|With gastric carcinoma||49||Negative||21.5 (19.4–24.5)||0.09 (0.03–0.24)||1.99 (1.20–7.15)||15.2 ± 4.4||0.009||19.7 ± 8.5||0.009|
|With gastric carcinoma||2||Positive||23.8 ± 1.6||36.5 ± 9.2|
|With gastric carcinoma||5||Negative||20.5 (5.2 to > 100.0)||6.88 (0.89 to > 2.00)||0.11 (< 0.01 to > 2.00)||17.2 ± 2.4||0.74||20.6 ± 9.7||0.79|
|With gastric carcinoma||6||Positive||16.4 ± 5.0||22.5 ± 12.8|
|With HCC||16/65||Positive||50.2 (42.7–61.3)||0.39 (0.26–0.71)||0.24 (0.12–0.44)||23.0 ± 8.2||0.085||38.6 ± 16.2||0.04|
The hepatic tolerance of 6 carrier patients with CRILD in this study was compared with the tolerance of 16 patients who developed radiation-induced liver disease from a separate group of 65 patients who were HBV carriers and underwent radiotherapy alone for their hepatocellular carcinoma (HCC). The carrier patients with gastric carcinoma and CRILD had borderline significantly lower MLD (16.4 Gy vs. 23.0 Gy; P = 0.085) and significantly lower V30 (22.5% vs. 38.6%; P = 0.04) (Table 4).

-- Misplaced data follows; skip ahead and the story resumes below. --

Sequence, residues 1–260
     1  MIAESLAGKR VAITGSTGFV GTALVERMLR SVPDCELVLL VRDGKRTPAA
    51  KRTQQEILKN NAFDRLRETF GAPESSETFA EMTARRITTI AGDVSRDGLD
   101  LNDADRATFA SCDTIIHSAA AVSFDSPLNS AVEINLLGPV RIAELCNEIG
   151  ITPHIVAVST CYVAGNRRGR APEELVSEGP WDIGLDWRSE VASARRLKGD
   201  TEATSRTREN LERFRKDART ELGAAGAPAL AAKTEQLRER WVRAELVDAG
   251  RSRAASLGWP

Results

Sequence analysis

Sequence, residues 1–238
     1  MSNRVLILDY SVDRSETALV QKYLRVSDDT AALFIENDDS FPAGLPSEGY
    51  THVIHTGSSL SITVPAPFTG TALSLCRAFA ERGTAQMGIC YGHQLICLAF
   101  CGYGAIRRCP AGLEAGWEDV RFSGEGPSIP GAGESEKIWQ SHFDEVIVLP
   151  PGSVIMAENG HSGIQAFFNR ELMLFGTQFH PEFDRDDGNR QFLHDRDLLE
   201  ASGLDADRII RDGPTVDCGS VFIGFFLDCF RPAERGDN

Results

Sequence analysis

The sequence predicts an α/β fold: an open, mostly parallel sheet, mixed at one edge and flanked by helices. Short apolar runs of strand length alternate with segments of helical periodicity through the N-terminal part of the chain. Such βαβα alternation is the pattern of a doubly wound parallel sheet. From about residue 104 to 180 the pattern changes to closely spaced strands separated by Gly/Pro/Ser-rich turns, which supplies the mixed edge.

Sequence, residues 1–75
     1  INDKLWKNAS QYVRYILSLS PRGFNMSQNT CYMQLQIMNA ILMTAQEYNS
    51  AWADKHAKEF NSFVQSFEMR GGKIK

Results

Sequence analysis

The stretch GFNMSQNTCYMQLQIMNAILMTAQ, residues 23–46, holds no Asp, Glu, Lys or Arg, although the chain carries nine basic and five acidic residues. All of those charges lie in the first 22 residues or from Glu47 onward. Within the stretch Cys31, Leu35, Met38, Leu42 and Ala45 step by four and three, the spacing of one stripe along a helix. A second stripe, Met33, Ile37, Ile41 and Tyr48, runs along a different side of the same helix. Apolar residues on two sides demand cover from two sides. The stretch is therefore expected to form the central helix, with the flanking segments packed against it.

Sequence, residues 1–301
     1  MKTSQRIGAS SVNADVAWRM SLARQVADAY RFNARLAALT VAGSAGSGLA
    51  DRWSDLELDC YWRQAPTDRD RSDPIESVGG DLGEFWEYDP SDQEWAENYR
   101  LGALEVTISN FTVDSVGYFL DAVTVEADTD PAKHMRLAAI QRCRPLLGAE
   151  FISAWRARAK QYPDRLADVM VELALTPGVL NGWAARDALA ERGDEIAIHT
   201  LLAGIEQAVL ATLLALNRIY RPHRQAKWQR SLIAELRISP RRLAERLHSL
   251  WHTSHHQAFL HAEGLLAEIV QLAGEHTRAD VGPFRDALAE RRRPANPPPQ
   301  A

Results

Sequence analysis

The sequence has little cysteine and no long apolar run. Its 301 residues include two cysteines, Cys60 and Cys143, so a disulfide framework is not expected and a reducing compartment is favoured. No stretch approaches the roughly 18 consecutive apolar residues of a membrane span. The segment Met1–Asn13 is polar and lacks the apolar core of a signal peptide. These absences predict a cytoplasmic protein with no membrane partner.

The recently updated and encouraging data from the Gastric Surgical Adjuvant Trial Intergroup 0116 study showed an increase in recurrence-free and overall survival stemming from the addition of adjuvant CCRT for patients with resected high-risk, Stage IB–IV M0 adenocarcinoma of the stomach or gastroesophageal junction.2 In that report, treatment-related toxicity was mainly hematologic or gastrointestinal. Four patients (1%) had Grade ≥ 3 hepatic toxicity, which resembled the toxicity associated with CRILD in our study. However, the details of these events were not described, and the chronic viral hepatitis status of their patients was not stated. In the Intergroup Trial, the chemotherapy started with 3-day or 5-day 5-fluorouracil at doses of 400–425 mg/m2 per day and leucovorin at a dose of 20 mg/m2 per day during, before, and after CCRT, in 4-week intervals. In contrast, we used weekly cycles of high-dose 5-fluorouracil at doses of 2000–2600 mg/m2 and leucovorin at a dose of 300 mg/m2 given over a 24-hour period during CCRT and the ELF regimen before and after CCRT. The chemotherapy in our study may have been more intense than that used in the Intergroup Trial. Most reported studies used continuous infusion of 5-fluorouracil 200–500 mg/m2 per day concurrently with radiotherapy for patients with gastrointestinal or hepatobiliary malignancies. Seydel et al.12 reported 1 patient with pancreatic carcinoma who was dying of hepatic failure 3 months after twice-daily, hyperfractionated radiotherapy (50.4-Gy, 1.2-Gy, and 42.0-Gy fractions) concomitantly with 5-fluorouracil 350 mg/m2 per day for 3 days in the first and last weeks of radiotherapy. Those authors did not specify the dose-volume criteria for the liver in their protocol, nor did they investigate the underlying cause of this complication. Evans et al.13 reported 2 patients with pancreatic carcinoma who died of treatment-related causes after receiving concurrent 5-fluorouracil at a dose of 300 mg/m2 per day and conventional radiotherapy (50.4 Gy) with prophylactic, whole-liver irradiation (23.4 Gy). That trial was terminated because of its severe morbidity. Abrams et al.14 also reported a possible case of radiation hepatitis after concurrent 5-fluorouracil at a dose of 200 mg/m2 per day during a radiotherapy course, which consisted of whole-liver irradiation (23.4–27.0 Gy) and pancreatic tumor/lymphatics irradiation (50.4–57.6 Gy). No severe liver toxicity was described in the other trials that used either once-daily radiotherapy along with concurrent 5-fluorouracil of conventional dosage or partial-liver irradiation alone.15–17